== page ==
Browsing Rangeland Ecology & Management, Volume 61, Number 4 (July 2008) by Authors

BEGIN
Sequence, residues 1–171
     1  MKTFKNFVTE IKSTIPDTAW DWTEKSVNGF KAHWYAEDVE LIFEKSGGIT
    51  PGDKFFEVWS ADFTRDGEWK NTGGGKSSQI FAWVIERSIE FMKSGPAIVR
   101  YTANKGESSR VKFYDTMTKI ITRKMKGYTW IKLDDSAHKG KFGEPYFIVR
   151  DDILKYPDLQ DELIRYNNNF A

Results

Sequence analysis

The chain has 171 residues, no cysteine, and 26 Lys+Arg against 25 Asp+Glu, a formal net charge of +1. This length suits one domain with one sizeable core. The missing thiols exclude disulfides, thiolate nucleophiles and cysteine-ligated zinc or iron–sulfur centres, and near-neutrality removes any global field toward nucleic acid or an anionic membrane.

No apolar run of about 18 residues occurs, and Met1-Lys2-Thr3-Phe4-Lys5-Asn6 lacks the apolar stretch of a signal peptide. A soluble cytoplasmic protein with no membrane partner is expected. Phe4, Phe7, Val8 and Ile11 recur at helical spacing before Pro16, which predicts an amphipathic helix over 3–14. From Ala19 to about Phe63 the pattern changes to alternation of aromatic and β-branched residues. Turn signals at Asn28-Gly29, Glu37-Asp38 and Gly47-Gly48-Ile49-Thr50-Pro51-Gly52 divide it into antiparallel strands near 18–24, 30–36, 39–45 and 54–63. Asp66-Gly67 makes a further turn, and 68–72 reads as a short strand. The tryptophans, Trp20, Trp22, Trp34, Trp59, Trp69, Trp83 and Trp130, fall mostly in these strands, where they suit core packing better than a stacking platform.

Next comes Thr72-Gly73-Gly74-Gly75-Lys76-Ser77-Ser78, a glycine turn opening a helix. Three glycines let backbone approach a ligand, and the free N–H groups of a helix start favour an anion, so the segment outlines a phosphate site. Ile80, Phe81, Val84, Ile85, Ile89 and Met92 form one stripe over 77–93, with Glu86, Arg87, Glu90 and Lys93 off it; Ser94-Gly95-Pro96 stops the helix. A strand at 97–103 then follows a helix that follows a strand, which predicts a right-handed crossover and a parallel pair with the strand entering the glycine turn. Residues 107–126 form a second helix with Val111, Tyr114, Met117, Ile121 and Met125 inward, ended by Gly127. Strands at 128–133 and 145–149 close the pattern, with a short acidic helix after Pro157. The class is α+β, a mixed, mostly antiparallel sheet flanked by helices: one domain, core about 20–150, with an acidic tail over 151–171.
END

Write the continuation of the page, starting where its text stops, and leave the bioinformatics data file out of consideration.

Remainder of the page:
Assessment of Juniper Encroachment With the Use of Satellite Imagery and Geospatial DataSankey, Teuulen Tsagaan; Germino, Matthew J. (Society for Range Management, 2008-07-01)Juniper encroachment into otherwise treeless shrub lands and grasslands is one of the most pronounced environmental changes observed in rangelands of western North America in recent decades. Most studies on juniper change are conducted over small areas, although encroachment is occurring throughout regions. Whether changes in juniper cover can be assessed over large areas with the use of long-term satellite data is an important methodological question. A fundamental challenge in using satellite imagery to determine tree abundance in rangelands is that a mix of trees, sagebrush, and herbaceous cover types can occur within a given image pixel. Our objective was to determine if spectral mixture analysis could be used to estimate changes in Rocky Mountain juniper (Juniperus scopulorum Sarg) and Utah juniper (Juniperus osteosperma [Torr.] Little) cover over 20 yr and 20 000 ha in southeast Idaho with the use of Landsat imagery. We also examined the spatial patterns and variation of encroachment within our study area using Geographic Information Systems-based data sets of grazing use, land-cover types, and topography. Juniper cover determined from 15-cm-resolution digital aerial orthophotography was used to train and validate juniper presence/absence classification in 1985 and 2005 Landsat images. The two classified images were then compared to detect changes in juniper cover. The estimated rate of juniper encroachment over our study area was 22-30% between 1985 and 2005, consistent with previous ground-based studies. Moran’s I analysis indicated that juniper encroachment pattern was spatially random rather than clustered or uniform. Juniper encroachment was significantly greater in grazed areas (P 5 0.02), and in particular in grazed shrub land cover type (P 5 0.06), compared to ungrazed areas. Juniper encroachment was also greater on intermediate slopes (10-35% slopes) compared to steeper or flatter terrain, and encroachment was somewhat less on north-facing (P 5 0.03) and more on west-facing (P 5 0.02) slopes compared to other aspects.